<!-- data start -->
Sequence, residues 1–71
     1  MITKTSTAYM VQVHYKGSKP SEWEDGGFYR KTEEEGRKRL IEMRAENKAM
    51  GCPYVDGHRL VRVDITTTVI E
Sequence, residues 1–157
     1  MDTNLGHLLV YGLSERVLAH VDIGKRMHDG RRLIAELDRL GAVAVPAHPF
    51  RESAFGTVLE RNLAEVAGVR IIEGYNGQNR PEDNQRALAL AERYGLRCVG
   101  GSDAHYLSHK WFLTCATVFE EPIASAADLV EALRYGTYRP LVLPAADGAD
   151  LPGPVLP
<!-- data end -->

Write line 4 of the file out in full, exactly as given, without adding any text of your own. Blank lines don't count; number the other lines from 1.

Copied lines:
Sequence, residues 1–157